Electromobility market in Europe is expected to grow fast as many governments in Europe are trying to spread eco-friendly mobility. LG Chem, Ltd. has selected Poland as the most competitive production site to deal with automotive OEM customers in Europe as well as globally. The factory to be constructed, which is applied by “Smart Factory” system, will produce state-of-the-art Li-ion batteries for Electromobility and Energe Storage System(ESS). We have a plan to nurture Wrocław as a global hub of Electromobility industry through further investment in the area, keeping pace with growth of Electromobility market. We really appreciate sincere support from Polish authorities and also ask for close cooperation in the futuresaid Chang-Beom Kang, Vice President of LG Chem, Ltd.

Directly, new production facilities of LG Chem will offer almost 2.5 k new jobs, and in partner companies, the number of new employees may be even twice that large. High technical level of production and planned establishment of an R&D center will require employing about 400 engineers specializing in such fields as automation, electronics, chemistry, and IT. LG is planning to start cooperation with technical universities in Poland, particularly with Wrocław University of Science and Technology.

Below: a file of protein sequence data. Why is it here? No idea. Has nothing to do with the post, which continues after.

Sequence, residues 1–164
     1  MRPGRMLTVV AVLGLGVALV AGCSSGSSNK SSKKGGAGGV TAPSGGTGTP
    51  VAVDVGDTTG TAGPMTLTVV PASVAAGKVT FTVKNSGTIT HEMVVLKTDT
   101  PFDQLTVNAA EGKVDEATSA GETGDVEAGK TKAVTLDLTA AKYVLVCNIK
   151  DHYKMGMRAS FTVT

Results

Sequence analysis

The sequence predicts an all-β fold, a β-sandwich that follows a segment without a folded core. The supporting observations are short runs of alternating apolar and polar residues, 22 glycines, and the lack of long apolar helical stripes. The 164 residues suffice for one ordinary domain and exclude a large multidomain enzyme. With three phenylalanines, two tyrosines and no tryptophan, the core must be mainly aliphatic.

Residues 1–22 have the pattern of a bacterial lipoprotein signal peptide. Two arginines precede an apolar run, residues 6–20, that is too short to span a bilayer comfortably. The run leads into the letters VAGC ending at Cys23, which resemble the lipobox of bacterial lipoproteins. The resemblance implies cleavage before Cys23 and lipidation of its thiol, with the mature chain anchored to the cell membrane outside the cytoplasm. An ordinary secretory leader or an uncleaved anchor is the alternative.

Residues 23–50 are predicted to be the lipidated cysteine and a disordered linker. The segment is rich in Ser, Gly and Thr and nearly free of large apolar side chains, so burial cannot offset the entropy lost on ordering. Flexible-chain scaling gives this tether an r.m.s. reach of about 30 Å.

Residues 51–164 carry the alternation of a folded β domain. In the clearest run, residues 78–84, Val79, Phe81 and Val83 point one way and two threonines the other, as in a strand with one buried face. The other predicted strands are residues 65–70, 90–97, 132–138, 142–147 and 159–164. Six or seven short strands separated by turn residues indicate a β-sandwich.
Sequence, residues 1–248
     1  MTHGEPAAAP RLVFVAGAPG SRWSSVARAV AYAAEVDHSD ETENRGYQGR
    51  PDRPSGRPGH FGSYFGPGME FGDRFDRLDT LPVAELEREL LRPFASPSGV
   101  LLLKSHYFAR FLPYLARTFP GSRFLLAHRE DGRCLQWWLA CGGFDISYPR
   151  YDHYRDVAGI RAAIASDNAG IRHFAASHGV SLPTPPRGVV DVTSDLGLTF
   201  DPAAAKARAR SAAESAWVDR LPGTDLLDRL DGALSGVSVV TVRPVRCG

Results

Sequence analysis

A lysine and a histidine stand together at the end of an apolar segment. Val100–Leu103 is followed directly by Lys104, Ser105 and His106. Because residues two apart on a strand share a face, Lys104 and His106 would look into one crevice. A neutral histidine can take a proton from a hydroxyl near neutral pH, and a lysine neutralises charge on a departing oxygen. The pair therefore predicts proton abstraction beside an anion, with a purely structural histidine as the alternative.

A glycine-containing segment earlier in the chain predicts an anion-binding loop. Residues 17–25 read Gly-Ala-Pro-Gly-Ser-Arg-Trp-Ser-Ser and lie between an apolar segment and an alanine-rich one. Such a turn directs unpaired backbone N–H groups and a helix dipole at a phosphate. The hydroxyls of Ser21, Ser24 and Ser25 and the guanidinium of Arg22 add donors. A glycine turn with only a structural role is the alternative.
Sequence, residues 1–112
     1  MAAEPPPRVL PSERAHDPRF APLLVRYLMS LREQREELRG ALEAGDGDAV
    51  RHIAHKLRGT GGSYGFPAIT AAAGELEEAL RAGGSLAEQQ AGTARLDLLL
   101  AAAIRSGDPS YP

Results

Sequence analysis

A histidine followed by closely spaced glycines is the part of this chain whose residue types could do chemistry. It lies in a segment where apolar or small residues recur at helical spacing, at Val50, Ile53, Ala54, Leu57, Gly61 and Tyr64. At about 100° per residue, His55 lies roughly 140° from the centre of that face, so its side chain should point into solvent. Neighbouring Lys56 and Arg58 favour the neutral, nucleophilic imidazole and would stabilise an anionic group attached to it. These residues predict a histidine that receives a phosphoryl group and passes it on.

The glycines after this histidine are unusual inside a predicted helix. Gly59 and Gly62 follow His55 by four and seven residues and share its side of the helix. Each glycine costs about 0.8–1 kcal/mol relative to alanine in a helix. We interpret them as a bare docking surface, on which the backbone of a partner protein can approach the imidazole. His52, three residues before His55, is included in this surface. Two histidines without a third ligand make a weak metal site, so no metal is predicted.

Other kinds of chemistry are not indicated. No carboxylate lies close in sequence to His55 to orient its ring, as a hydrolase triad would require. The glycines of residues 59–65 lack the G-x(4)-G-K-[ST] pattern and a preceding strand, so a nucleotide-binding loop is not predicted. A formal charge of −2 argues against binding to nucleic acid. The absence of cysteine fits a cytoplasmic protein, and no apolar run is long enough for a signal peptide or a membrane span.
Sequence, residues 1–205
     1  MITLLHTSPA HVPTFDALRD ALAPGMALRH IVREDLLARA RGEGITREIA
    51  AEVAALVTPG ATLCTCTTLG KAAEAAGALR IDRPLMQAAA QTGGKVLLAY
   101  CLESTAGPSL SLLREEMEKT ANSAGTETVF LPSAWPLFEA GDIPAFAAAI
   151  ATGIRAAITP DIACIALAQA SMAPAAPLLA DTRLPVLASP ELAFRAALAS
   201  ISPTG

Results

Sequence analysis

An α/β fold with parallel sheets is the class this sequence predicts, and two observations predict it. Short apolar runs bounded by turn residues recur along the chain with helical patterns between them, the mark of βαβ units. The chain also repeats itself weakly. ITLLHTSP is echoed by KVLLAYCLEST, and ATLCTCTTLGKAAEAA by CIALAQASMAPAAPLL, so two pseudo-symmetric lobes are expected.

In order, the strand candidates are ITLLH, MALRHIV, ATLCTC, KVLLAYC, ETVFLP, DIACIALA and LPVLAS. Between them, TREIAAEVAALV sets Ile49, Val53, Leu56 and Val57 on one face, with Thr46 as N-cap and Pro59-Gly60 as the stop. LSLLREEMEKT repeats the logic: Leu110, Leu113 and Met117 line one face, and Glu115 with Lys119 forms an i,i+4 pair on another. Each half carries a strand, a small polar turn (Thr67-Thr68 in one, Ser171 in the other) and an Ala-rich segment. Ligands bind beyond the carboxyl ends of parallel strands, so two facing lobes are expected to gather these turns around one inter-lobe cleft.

We are happy that investors see the potential of the special economic zones managed by IDA. The zones are so attractive due to highly qualified staff and cooperation possibilities that bring large innovative projects. Another investment of LG Chem in the subzone Wrocław-Kobierzyce is good news for Polish entrepreneurs, who can join the supply chain for the new and prospective production branch. Talks on concerning suppliers and development works are bringing the anticipated results. Investments of companies cooperating with LG Chem have been already started in the subzone Wrocław-Kobierzyceunderlined Marcin Chludziński, President of the Board at IDA.